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As water hygiene specialists we know and understand that some industry sectors are more vulnerable than others which is why we support legionella testing in care homes. The potential effects of legionnaires disease which is caused by legionella contaminated water can be devastating and it is essential that those managing care homes are aware of its effects and how to prevent the dangerous bacteria.

What is Legionella?

Any UK business, especially a care or nursing home, should be aware of the risks involved regarding legionella found in water-based systems running throughout a property. Those responsible need to be fully aware of the dangers involved, as well as being responsible for complying with this important area of health and safety.

Legionella is primarily present in natural locations, such as rivers and ponds, yet it can easily be present in water systems within properties. The bacteria needs certain conditions in which to survive which, if present, means that it can spread throughout a water system and pose a great threat to the health and safety of the residents.

What are the Risks if not identified?

Simply carrying out a test every ‘now and then’ is not enough. Proper risk management plans should be put in place and the person or persons responsible for health and safety need to ensure that the care home business is fully compliant. The business should have an appropriate system in place to ensure that the risk, testing, management and prevention issues are dealt with in the correct manner – and on a regular basis.

The risk of failing to meet duties concerning legionella in care homes means that residents breathing in the bacteria, which is mist from contaminated water, can suffer from legionnaires disease or Pontiac disease. Symptoms of legionnaires are of a pneumonia-type nature and the vulnerable can contract the disease quickly if levels of the bacteria are at a particularly high level. The symptoms of Pontiac disease are more mild and flu-like. And obviously, as the residents of care homes are normally elderly and/or have immune related issues, they are more susceptible to getting infected.

According to the Health and Social Care Act 2008 any provider of care is regulated in order to prevent risk and harm during any care or treatment and this regulation includes the spread of infection.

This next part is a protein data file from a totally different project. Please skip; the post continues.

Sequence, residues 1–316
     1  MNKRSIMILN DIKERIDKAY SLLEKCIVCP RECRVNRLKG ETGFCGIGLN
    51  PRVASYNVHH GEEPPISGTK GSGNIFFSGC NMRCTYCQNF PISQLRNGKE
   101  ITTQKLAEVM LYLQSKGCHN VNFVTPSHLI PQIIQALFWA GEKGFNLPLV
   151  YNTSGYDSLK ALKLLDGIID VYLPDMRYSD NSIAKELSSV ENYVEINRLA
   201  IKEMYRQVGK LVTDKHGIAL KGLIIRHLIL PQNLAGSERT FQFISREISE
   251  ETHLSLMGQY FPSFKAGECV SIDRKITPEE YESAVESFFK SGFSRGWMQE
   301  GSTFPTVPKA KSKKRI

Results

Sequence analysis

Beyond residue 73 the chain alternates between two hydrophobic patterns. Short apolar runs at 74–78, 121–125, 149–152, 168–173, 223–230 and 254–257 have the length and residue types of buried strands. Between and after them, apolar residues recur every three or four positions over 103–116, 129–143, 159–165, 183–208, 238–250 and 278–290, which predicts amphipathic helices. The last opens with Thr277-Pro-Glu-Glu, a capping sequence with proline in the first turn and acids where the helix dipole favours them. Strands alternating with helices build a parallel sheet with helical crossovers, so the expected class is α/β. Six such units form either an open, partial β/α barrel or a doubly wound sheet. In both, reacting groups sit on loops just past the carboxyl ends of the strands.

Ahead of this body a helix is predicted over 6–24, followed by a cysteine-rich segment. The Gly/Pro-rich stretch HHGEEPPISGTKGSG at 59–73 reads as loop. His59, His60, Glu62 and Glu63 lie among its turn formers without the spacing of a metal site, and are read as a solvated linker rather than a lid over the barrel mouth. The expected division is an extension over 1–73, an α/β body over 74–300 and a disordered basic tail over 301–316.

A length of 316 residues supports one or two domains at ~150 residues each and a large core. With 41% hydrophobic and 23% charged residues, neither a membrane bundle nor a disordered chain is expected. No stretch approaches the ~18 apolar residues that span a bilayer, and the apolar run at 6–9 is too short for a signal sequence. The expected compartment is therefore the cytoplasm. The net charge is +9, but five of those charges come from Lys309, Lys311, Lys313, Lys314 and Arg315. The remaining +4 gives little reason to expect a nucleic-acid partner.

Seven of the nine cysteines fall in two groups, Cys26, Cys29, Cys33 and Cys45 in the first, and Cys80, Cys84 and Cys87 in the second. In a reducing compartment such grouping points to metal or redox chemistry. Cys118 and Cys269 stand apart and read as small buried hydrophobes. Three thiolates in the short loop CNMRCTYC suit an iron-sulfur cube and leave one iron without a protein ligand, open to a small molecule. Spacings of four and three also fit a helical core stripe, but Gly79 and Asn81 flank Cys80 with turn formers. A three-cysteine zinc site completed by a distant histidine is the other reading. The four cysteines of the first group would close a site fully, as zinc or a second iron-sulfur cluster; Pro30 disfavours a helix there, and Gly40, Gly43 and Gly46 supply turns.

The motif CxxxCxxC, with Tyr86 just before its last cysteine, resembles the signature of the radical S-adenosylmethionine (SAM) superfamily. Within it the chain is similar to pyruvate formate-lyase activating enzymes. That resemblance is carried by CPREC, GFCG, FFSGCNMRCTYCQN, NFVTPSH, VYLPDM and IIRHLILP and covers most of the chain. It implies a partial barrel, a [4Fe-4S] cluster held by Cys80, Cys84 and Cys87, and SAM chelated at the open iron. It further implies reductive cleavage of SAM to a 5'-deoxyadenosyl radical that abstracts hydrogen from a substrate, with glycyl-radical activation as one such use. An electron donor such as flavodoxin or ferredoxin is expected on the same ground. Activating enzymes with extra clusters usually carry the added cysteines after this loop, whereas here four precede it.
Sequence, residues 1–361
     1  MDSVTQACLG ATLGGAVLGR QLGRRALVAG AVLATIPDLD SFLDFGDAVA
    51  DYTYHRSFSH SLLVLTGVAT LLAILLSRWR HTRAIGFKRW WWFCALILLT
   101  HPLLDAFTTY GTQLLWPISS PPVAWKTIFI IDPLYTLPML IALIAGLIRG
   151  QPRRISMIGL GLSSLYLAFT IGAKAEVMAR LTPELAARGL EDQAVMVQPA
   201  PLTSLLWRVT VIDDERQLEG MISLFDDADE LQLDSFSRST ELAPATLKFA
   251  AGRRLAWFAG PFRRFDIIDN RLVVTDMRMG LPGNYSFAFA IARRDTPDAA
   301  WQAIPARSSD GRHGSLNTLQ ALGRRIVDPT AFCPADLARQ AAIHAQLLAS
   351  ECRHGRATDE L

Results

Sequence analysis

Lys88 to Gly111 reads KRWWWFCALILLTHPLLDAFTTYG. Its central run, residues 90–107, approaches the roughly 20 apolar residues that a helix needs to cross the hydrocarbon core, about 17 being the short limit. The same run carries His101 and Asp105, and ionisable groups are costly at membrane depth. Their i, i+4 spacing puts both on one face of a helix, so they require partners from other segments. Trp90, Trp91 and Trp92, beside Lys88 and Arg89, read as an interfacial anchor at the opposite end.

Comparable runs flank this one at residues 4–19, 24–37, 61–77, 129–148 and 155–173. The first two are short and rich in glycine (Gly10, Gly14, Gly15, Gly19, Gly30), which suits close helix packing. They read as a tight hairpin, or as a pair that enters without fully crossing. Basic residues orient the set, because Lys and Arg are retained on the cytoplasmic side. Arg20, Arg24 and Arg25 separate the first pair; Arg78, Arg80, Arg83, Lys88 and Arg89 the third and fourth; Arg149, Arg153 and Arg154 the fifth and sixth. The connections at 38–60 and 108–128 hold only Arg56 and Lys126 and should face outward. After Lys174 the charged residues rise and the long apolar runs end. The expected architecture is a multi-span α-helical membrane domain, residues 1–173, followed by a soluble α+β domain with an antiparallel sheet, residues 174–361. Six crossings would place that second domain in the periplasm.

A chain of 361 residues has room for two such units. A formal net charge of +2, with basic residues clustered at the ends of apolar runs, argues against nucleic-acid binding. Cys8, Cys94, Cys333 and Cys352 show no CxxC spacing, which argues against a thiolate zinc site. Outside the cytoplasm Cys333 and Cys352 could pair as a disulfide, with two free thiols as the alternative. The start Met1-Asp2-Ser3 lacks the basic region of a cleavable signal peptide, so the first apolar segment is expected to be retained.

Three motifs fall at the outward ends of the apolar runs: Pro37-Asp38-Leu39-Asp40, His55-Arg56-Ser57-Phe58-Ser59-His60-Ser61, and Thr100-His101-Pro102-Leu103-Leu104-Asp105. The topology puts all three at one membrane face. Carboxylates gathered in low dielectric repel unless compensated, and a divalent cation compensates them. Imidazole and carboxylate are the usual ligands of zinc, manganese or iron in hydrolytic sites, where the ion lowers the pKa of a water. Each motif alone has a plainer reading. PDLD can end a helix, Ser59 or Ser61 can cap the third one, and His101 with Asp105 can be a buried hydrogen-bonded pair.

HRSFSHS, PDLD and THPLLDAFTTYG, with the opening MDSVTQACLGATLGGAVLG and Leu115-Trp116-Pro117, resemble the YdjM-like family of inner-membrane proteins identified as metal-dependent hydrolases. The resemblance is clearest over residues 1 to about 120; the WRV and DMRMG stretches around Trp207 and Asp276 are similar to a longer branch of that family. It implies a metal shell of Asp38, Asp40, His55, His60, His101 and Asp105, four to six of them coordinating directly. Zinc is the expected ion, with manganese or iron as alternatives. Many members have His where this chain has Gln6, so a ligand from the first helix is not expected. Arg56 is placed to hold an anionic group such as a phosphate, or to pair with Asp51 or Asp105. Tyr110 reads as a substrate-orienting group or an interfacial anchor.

The Care Quality Commission (CQC) will investigate incidents concerning unsafe or poor quality care which of course is detrimental to any business responsible for care homes and similar properties.

What are the Recommended Processes of Legionella Detection?

Controlling legionella in the UK is a legal requirement so, when planning a strategy for legionella testing in care homes, it’s important to have a solid process in place.

This ideally should start with a regular risk assessment where health and safety is an integral part of the management of care homes and the vulnerable residents within them. This does include a care home where all patients reside in the same property and also where there is property where residents live in individual homes on the same plot.

A second step will relate to competency when it comes to water testing. Legionella testing for care homes can actually be carried out by those responsible in a simple manner. Testing kits are an easy and inexpensive way of testing the water outlets and systems in care homes and should always be legally compliant. By carrying out the test and returning it to a professional laboratory, it will be monitored for any present bacteria and the results returned to you.
The third step will be to record those results and keep them on record should you need them for the HSE or CQC who will check to ensure that you are legally following processes required for a care home business.

And the fourth step is to take the advice provided should the results be positive and bacteria found. This is where the water system can be treated properly in order to remove the presence of any bacteria colonies and to prevent them over the short and long term. Should results be negative then a certificate is supplied to confirm that the water system has been tested and that no action is required at the present time.

AquaCert are able to provide specialist testing for legionella in care homes which are fully compliant with UK regulations.

We provide professional advice and can keep a record of the date the water had been tested and put a reminder in place when the next test should be carried out, therefore helping you with proper care and maintenance of your care home.

Our water testing process is simple and inexpensive yet legally compliant. Do contact us if you require further information on how many kits you may need for the property, or properties. We can advise fully on anything that you may need to know following the use of your water testing kits.

It should be noted that testing water for the presence of legionella bacteria is not sufficient to comply with the complex legislation as a control measure – a Risk Assessment will advise control measures required for an individual property.

Author: Duncan Hollis